experiencing symptoms of lactose intolerance, many pediatricians
simply recommend changing from cow's milk to soy formula and waiting
for symptoms to abate.
If necessary, a stool acidity test, which measures the amount of
acid in the stool, may be given to infants and young children.
Undigested lactose fermented by bacteria in the colon creates lactic
acid and other short-chain fatty acids that can be detected in a
stool sample. In addition, glucose may be present in the sample as a
result of unabsorbed lactose in the colon.
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Fortunately, lactose intolerance is relatively easy to treat. No
treatment can improve the body's ability to produce lactase, but
symptoms can be controlled through diet.
Young children with lactase deficiency should not eat any foods
containing lactose. Most older children and adults need not avoid
lactose completely, but people differ in the amounts and types of
foods they can handle. For example, one person may have symptoms
after drinking a small glass of milk, while another can drink one
glass but not two. Others may be able to manage ice cream and aged
cheeses, such as cheddar and Swiss, but not other dairy products.
Dietary control of lactose intolerance depends on people learning
through trial and error how much lactose they can handle.
For those who react to very small amounts of lactose or have
trouble limiting their intake of foods that contain it, lactase
enzymes are available without a prescription to help people digest
foods that contain lactose. The tablets are taken with the first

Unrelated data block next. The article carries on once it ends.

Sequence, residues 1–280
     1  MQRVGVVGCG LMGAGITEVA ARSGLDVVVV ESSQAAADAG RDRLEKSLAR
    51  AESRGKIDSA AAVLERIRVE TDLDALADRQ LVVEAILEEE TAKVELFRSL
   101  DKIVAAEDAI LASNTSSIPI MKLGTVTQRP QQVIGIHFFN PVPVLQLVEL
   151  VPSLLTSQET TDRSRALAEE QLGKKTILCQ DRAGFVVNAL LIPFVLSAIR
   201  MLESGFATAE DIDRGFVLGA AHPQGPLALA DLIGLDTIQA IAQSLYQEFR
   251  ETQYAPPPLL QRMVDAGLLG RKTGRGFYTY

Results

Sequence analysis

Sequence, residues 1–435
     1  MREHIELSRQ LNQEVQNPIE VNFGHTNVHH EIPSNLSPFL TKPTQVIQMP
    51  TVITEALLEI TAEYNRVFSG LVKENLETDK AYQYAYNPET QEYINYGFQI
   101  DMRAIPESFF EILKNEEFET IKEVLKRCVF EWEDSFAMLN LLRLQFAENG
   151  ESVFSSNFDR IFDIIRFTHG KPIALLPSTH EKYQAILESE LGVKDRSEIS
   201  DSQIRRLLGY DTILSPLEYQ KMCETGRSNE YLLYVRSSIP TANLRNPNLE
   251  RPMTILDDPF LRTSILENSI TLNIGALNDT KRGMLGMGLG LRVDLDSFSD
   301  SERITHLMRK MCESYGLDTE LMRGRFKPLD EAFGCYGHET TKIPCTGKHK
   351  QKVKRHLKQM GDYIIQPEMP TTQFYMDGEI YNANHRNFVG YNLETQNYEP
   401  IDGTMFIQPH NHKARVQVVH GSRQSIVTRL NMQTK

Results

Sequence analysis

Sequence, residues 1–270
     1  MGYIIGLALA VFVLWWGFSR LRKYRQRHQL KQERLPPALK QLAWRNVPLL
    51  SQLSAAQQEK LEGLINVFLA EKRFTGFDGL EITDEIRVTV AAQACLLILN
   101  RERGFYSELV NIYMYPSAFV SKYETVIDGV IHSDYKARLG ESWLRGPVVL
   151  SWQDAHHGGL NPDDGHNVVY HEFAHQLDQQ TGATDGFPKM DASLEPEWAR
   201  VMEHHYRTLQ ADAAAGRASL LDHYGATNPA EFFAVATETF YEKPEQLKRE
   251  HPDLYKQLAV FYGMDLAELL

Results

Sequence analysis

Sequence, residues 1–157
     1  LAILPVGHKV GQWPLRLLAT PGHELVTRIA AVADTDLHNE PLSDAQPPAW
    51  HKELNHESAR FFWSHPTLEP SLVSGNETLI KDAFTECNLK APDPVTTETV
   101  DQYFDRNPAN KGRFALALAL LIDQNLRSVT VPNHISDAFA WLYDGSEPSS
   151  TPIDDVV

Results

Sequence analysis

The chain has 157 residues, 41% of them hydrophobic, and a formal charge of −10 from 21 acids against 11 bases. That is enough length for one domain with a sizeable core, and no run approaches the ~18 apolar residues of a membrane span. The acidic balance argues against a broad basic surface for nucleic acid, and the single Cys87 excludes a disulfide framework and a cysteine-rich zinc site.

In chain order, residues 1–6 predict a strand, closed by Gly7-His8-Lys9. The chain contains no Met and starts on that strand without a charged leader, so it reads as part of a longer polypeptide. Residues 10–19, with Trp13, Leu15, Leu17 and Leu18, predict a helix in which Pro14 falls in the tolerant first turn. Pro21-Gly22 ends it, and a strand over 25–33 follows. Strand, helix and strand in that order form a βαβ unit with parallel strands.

bite of dairy food. Lactase enzyme is also available as a liquid.
Adding a few drops of the enzyme will convert the lactose in milk or
cream, making it more digestible for people with lactose
Lactose-reduced milk and other products are available at most
supermarkets. The milk contains all of the nutrients found in
regular milk and remains fresh for about the same length of time, or
longer if it is super-pasteurized.
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Milk and other dairy products are a major source of nutrients in
the American diet. The most important of these nutrients is calcium.
Calcium is essential for the growth and repair of bones throughout
life. In the middle and later years, a shortage of calcium may lead
to thin, fragile bones that break easily, a condition called
osteoporosis. A concern, then, for both children and adults with
lactose intolerance, is getting enough calcium in a diet that
includes little or no milk.
In 1997, the Institute of Medicine released a report recommending
new requirements for daily calcium intake. How much calcium a person
needs to maintain good health varies by age group. Recommendations
from the report are shown in the following table.
||Amount of calcium to consume
daily, in milligrams (mg)|
Also, pregnant and nursing women under 19 need 1,300 mg daily,
while pregnant and nursing women over 19 need 1,000 mg.
In planning meals, making sure that each day's diet includes
enough calcium is important, even if the diet does not contain dairy
products. Many nondairy foods are high in calcium. Green vegetables,
such as broccoli and kale, and fish with soft, edible bones, such as
salmon and sardines, are excellent sources of calcium. To help in
planning a high-calcium and low-lactose diet, the table that follows
lists some common foods that are good sources of dietary calcium and
shows how much lactose they contain.
Recent research shows that yogurt with active cultures may be a
good source of calcium for many people with lactose intolerance,
even though it is fairly high in lactose. Evidence shows that the
bacterial cultures used to make yogurt produce some of the lactase
enzyme required for proper digestion.
|Calcium-fortified orange juice, 1 cup
|Sardines, with edible bones,
|Salmon, canned, with edible bones, 3 oz.
|Soymilk, fortified, 1 cup
|Broccoli (raw), 1 cup